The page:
The Current Model

First, for-profit corrections, like every other large industry that works with the government, maintains vast networks of lobbyists. Like all lobbyists, their task is to manage perceptions of the private corrections industry, look for opportunities, and encourage policies that optimize their freedom to operate. While SPC would also have to maintain staff who are responsive to lawmakers, we would focus on a transparency- and outcome-based compensation model, where reporting on key metrics becomes the basis of most government relations communication. This will give us a cost advantage with regard to government outreach. 

Second, as a nonprofit, SPC certainly has an incentive to grow and serve as many states as are open to our model. But we will do so without the driving imperatives of business growth necessary for for-profit corporations. Our North Star is the changing of the culture of incarceration in order to lower recidivism and, thus, the other out-of-control social costs that come with a model designed to maximize the punitive effect of prisons. Positive social outcomes inside and outside the walls are what will drive our growth, not merely efficiently operating a growing number of beds.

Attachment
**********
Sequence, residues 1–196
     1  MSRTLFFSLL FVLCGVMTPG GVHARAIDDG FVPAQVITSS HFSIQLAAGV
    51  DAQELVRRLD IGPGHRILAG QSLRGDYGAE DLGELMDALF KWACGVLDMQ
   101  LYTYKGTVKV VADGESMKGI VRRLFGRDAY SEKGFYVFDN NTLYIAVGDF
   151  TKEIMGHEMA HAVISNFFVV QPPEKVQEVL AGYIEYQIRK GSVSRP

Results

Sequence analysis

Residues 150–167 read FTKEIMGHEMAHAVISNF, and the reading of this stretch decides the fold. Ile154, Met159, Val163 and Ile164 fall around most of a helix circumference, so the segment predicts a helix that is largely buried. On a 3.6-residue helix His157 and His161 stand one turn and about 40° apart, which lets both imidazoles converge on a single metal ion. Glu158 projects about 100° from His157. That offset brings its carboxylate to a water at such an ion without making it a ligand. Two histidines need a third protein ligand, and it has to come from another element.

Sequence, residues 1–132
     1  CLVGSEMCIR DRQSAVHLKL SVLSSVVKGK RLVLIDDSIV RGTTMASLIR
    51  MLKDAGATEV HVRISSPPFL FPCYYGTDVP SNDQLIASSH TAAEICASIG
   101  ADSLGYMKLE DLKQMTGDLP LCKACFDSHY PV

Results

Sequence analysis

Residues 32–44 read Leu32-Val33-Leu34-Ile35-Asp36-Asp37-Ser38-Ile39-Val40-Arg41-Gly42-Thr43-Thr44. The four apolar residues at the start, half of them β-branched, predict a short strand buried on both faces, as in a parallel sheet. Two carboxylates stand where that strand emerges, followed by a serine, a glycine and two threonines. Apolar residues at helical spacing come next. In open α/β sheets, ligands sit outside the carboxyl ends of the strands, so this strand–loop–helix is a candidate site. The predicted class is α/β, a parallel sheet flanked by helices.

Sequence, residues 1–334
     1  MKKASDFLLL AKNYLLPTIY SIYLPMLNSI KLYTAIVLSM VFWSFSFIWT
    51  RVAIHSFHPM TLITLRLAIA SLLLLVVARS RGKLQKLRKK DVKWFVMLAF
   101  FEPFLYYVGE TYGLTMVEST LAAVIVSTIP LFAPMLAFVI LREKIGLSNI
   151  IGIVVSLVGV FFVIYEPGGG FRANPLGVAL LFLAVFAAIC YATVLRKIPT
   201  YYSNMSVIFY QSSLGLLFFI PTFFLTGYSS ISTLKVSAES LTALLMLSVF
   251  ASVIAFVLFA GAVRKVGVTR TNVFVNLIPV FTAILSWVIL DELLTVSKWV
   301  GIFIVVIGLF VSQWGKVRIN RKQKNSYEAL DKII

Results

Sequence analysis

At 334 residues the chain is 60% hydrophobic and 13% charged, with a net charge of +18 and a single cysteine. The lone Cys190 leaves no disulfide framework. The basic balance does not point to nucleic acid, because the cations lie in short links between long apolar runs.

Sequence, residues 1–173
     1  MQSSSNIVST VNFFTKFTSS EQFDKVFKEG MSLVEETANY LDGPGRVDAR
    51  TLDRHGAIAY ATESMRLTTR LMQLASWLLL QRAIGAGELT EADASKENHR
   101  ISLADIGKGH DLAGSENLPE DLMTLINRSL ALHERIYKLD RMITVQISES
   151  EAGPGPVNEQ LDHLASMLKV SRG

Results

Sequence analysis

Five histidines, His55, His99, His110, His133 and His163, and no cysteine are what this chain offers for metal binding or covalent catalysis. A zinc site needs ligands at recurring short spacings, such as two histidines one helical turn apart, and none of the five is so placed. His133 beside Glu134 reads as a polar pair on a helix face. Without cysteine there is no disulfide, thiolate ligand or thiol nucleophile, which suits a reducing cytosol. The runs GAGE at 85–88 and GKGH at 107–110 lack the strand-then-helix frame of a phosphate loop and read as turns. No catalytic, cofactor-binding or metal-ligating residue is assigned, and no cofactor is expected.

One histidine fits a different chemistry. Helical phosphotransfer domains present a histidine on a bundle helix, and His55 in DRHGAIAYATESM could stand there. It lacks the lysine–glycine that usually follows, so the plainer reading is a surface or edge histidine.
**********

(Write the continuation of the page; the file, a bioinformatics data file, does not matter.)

Social Purpose Corrections’ Not-for-Profit Model

SPC’s model is designed to replace the inspect-and-fine oversight system with one that establishes a baseline of compensation for services, with higher levels of remuneration for officer and staff performance and the achievement of positive and measurable outcomes. With this radically different model, SPC aims to fundamentally recreate the incarceration model in the United States.

  1. Staffing.  Corrections as it exists today has an abysmally high rate of staff turnover, in both the public and for-profit sectors.  This is incredibly expensive, as retraining the same post over and over again keeps more team members in the classroom and fewer on the floor.  It also drives involuntary overtime and diminishes the employee’s sense of control over their work-life balance.  It suppresses experience levels, and makes lockup more dangerous for all involved.  

One of the top drivers of staff turnover is compensation that does not properly, well, compensate staff who succeed in a very challenging environment.  Another key driver is professional outlook: If this is just a job, rather than a vocational career, there are certainly more comfortable jobs out there.  Another driver is a top-down, micromanaging culture that deprives the employee of a sense of ownership and purpose.